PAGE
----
Mixed views on supermarket 'mediator'

15 November 2007
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15 November 2007 | Andy Allen

Concerns over retailers' treatment of suppliers have led the Competition Commission to consider the creation of a "supermarkets ombudsman" to mediate disputes.

The commission's provisional report into the UK groceries market said action was needed to "address relationships between retailers and their suppliers".

Although it said the market generally provides good value to the consumer, it added it was concerned about the "transfer of unexpected cost and excessive risk onto the suppliers". Harmful buying practices criticised in the report included buyers returning unsold goods and forcing suppliers to make "retrospective payments" - where suppliers are forced to pay to remain on preferred supplier lists or to contribute towards the cost of marketing or promotions.

As the commission puts together the final version of its report, due in May 2008, it will consider creating an ombudsman to provide "expert assistance" to current regulator the Office of Fair Trading (OFT). It will also explore ways to strengthen the Supermarkets Code of Practice, which regulates retailer-supplier relationships, to protect suppliers.

But the commission's findings received a mixed response. Robin Tapper, senior adviser, food chain relations, at the National Farmers' Union (NFU), agreed a much tighter code of practice was required.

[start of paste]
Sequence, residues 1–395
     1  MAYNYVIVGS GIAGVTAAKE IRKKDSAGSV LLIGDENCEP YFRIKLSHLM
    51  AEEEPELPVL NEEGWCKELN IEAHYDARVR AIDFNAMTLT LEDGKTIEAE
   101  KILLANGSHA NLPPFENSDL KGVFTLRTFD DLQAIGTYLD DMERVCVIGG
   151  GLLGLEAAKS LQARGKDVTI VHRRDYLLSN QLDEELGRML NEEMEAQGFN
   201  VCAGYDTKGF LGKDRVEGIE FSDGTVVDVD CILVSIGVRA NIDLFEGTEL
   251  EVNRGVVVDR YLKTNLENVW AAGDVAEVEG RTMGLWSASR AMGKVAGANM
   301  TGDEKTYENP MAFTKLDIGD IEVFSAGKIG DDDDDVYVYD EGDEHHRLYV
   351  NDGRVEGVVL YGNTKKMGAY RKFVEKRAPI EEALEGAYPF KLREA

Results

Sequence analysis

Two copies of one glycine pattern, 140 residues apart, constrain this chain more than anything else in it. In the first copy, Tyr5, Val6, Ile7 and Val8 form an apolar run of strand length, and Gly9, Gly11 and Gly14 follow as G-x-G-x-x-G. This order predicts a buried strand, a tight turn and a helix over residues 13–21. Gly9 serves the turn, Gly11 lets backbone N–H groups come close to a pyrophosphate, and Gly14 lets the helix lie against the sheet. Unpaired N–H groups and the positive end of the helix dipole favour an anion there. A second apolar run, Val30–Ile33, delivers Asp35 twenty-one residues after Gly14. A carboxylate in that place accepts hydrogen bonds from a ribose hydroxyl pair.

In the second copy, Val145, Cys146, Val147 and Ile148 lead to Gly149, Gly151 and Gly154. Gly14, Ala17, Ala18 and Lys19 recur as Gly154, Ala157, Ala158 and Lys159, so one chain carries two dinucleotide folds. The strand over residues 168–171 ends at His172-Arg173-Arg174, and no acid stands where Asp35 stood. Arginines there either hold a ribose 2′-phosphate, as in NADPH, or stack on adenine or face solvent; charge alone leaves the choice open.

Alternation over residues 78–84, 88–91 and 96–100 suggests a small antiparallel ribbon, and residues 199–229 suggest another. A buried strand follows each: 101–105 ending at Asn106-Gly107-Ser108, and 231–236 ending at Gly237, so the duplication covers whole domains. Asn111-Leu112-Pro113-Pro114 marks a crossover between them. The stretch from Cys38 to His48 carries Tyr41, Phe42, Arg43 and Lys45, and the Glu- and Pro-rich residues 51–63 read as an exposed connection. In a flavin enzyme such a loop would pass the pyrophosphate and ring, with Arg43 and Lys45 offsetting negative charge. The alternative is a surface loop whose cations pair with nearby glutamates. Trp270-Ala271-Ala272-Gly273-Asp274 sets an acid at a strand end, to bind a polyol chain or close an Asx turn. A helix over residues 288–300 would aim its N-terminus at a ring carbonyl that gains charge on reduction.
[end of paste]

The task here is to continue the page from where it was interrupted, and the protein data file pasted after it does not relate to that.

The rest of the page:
He welcomed plans to develop ways for suppliers to complain confidentially about suppliers. But he said it was important the commission did not water down its recommendations. "We've been here before in 2000 and ended up with a limp code of practice and an OFT that wasn't interested in regulating. But we're delighted the report recognises the continuing downward pressure on prices."

Jim Bradley, associate at legal firm emw law, which called on the commission to crack down on practices such as forcing suppliers to bear the cost of unsold goods, was disappointed. "We got a very verbose, 270-page report and what it proposes is generally either vague or toothless."

He added the proposed ombudsman would be a useless additional layer of regulation. Retailers could simply appeal against its findings and force suppliers into expensive and risky legal action to gain redress, he said.

The New Economics Foundation, which called for a supplier regulator (News, 26 April), said the report had been "hijacked by the supermarkets it was set up to investigate".

Andrew Simms, policy director, said: "Expecting an ombudsman to control the market-distorting power of the supermarkets is like sending someone to build sea defences with a feather duster."


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